ITRI began preparation work for REACH on behalf of our tin producing member companies in 2005 and formed a tin metal consortium at the beginning of October 2007, which is open to any company to join. This allows access to, and cost sharing of, the set of REACH required data that is needed for registration.
ITRI has also conducted some preparatory studies for a wide range of inorganic tin compounds to establish how these substances can best be registered under REACH. Work on organotin compounds will, however, be co-ordinated by another organisation.
If you are an EU tin metal or chemical producer, a non-EU metal, alloy or chemical producer wishing to export to the EU, or an EU downstream user of metal or chemicals you will be affected by REACH.
You can read more about the possible impacts, and how ITRI may be able to help, in the REACH webpages.
ITRI assessment work on tin metal and inorganic tin compounds
Being a high tonnage substance, tin metal required registration, under REACH, before 1 December 2010.
Since 2005 ITRI has been preparing industry for REACH, forming a consortium at the beginning of 2007. The consortium is open to any company to join and allows access to, and cost sharing of, the information needed for REACH registration of tin. Work has involved both the assessment of available information from literature together with generation of new information through chemical, and toxicology, testing. The overall assessment strategy, together with a number of tests undertaken, has been novel to tin due to its unusual chemical behaviour in different environments. Additional studies were needed to find out how tin behaves in different parts of the body, and in different environmental compartments, before its effects could be duly assessed. ITRI also managed dossier preparation- relevant information from tests and literature was assessed, and recorded, in the joint tin dossier; an assessment on tin use and exposure was also included.
Substance Assessment under REACH
The scope of the dossier includes tin metal only; inorganic compounds will be considered separately and organotins are not included. Under REACH, the evaluation and control of the risks posed by substances is carried out in four steps: i) data collection, ii) data gap analysis, iii) risk characterisation, iv) risk reduction (if required):
i) Data collection involves an extensive search for all existing published and industry sponsored data on tin metal and tin compounds in order to carry out:
• An exposure assessment (who and what is exposed). Assessment for REACH involves two exposure routes. An environmental exposure assessment and a human health assessment. An environmental exposure assessment is conducted on aquatic and terrestrial (sediment etc) ecosystems and looks for exposure data on a substance during its whole lifecycle, from production to disposal (including amounts recycled and incinerated). A human health assessment is focused on workforce, consumers and humans exposed via the environment. In both cases EU production data, production processes information, consumption data, import data, export data, use patterns and quantities are essential.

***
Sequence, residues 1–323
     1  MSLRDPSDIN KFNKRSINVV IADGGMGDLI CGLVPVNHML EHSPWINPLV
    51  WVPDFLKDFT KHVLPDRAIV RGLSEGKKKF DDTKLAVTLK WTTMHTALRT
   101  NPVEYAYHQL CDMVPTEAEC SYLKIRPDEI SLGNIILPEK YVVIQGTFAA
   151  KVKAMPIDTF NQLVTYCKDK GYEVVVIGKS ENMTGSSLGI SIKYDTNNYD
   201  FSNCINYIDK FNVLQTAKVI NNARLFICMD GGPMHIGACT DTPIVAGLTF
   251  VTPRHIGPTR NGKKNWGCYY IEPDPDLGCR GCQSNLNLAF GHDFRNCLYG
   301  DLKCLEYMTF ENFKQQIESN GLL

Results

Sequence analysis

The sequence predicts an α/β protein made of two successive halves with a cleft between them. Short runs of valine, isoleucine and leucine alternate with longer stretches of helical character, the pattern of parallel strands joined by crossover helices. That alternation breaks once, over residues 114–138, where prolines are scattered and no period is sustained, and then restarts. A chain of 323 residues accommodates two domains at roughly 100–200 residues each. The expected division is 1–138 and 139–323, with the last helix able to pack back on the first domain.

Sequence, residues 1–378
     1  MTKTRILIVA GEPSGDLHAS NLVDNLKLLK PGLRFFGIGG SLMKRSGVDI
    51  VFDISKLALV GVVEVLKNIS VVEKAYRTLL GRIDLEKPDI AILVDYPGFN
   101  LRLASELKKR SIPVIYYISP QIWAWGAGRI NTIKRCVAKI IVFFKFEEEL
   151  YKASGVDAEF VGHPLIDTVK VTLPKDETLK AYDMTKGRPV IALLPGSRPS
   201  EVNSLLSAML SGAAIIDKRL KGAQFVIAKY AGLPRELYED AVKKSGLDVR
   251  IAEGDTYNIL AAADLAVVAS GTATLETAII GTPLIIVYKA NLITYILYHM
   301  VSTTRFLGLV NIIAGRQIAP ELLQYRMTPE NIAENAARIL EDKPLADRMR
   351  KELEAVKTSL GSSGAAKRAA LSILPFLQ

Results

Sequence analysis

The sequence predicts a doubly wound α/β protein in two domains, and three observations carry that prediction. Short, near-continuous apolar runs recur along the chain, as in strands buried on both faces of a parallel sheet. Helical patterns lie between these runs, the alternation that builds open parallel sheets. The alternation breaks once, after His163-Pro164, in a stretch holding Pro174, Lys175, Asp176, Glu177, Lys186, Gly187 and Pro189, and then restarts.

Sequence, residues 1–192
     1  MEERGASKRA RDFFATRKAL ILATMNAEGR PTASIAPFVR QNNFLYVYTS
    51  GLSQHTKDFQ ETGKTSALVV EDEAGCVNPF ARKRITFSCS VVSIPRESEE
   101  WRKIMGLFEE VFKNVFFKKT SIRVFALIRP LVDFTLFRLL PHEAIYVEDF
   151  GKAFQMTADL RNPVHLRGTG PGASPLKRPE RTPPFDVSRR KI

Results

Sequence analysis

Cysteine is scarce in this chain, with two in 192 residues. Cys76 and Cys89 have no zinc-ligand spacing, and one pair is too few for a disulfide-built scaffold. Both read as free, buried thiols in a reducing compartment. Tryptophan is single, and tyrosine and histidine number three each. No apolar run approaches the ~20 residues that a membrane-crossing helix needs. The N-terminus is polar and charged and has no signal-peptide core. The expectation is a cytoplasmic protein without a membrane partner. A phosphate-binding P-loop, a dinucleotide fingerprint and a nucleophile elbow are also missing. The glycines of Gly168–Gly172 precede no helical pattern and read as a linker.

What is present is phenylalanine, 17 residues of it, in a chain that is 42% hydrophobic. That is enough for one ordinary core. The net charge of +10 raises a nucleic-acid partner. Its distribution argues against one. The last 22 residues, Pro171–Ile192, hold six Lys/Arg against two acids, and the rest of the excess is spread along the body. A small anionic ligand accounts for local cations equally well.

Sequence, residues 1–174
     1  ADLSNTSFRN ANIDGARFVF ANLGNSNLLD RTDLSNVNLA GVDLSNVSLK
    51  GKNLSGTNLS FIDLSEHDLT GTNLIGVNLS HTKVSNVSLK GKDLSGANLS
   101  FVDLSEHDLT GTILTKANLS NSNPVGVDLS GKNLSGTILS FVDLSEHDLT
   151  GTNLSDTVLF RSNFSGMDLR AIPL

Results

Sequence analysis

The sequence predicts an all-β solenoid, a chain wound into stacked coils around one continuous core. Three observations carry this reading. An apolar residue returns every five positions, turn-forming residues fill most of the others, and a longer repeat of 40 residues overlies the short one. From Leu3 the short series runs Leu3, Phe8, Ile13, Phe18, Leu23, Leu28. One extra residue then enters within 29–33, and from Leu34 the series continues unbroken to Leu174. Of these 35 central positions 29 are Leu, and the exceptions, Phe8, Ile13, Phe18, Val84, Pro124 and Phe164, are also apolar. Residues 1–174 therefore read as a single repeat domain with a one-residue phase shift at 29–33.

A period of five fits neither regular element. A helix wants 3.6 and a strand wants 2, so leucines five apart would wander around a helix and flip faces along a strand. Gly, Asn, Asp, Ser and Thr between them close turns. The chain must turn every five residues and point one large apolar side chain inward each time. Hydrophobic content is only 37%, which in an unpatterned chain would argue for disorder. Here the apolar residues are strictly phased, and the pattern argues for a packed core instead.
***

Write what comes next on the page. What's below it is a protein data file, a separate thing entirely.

• Effects assessment (at what concentration a substance can cause hazards).
For the effects assessment, an extensive search and collection of data on effects of tin metal on organisms in aquatic and terrestrial ecosystems, as well as on vertebrate animals and humans, is carried out.
ii) Data gap analysis. The data compilation produced then undergoes evaluation against the information requirements and data gaps are identified. The additional toxicological and ecotoxicological testing needed to fill the data gaps that are required under REACH is established - additional data is then generated through testing.
iii) Risk characterisation is carried out on basis of results of exposure and hazard assessments. If the concentration of tin in the environment or a human organ is lower than the level at which known adverse effect can be observed then we can be sure there is no risk to human health or environment.
Assessment work on Tin
The ITRI REACH project focuses on tin metal and to some extent its inorganic compounds; organotin compounds are not included but are dealt with by a separate consortium.
Assessment work on tin started with the following, initial, steps which have been undertaken and completed;
1. Search and evaluation of available ecotoxicity, and environmental fate, data
2. Search and evaluation of available toxicity information relevant to human health
3. Improving material flow and statistical information for the EU
4. Assessment of environmental exposure from data searching and industry surveys
5. Assessment of worker exposure from data searching and industry surveys
Following on from the work stages mentioned above tin was found to be a very data-poor metal; significant data gaps were highlighted relating to;
A. Physicochemical properties
B. Ecotoxicity data in aquatic, terrestrial and sediment compartments of the environment
C. Metal availability in the environment and relevant to human exposure
D. Speciation in the environment and with regards to human health
E. Human health toxicology data
F. Industrial monitoring data for tin; worker health and safety and environmental emission control
Along with all of the required physic-chemical, toxicological and eco-toxicological test data, additional information on tin solubility, speciation and chemical behaviour has been investigated and included in the dossier to help explain the unusual chemical behaviour of tin that has been observed during testing as well as to help rationalise some spurious results relating to apparent tin concentrations in test media.
Information on tin, as has been included in the tin metal REACH registration dossier, can be viewed on the ECHA dissemination portal which is accessible here.